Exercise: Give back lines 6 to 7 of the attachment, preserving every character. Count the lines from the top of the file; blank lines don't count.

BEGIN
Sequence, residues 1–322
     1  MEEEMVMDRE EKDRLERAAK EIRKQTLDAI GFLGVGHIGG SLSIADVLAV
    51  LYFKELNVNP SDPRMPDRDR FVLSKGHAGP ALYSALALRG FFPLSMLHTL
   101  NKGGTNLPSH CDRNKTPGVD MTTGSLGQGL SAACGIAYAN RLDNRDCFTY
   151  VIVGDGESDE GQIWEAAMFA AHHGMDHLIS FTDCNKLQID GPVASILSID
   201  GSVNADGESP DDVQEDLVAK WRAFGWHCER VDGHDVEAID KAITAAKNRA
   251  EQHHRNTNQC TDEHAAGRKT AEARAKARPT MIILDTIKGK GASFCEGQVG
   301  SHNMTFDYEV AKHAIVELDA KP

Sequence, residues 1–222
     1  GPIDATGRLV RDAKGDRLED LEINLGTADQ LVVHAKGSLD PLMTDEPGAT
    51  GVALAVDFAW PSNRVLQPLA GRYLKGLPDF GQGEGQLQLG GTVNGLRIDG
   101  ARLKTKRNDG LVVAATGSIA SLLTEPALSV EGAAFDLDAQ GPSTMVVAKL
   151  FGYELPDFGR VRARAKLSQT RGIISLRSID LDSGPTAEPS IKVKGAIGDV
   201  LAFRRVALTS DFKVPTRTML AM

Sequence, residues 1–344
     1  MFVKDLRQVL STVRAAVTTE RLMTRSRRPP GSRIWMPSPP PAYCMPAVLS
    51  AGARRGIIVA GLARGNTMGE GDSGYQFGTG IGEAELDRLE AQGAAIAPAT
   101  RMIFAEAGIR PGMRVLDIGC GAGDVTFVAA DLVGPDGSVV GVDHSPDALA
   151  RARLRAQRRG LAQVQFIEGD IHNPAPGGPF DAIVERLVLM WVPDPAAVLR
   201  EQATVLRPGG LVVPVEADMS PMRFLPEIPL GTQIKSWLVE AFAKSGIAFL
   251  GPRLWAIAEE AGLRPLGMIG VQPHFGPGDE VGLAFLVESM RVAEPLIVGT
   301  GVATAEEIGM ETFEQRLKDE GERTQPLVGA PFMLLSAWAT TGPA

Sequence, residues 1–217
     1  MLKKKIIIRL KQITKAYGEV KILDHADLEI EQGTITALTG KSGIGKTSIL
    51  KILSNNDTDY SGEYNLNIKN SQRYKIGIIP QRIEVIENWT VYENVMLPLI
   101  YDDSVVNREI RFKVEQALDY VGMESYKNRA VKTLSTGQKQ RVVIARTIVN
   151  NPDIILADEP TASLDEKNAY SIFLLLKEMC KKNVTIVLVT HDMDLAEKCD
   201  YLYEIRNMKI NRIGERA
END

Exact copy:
   201  GSVNADGESP DDVQEDLVAK WRAFGWHCER VDGHDVEAID KAITAAKNRA
   251  EQHHRNTNQC TDEHAAGRKT AEARAKARPT MIILDTIKGK GASFCEGQVG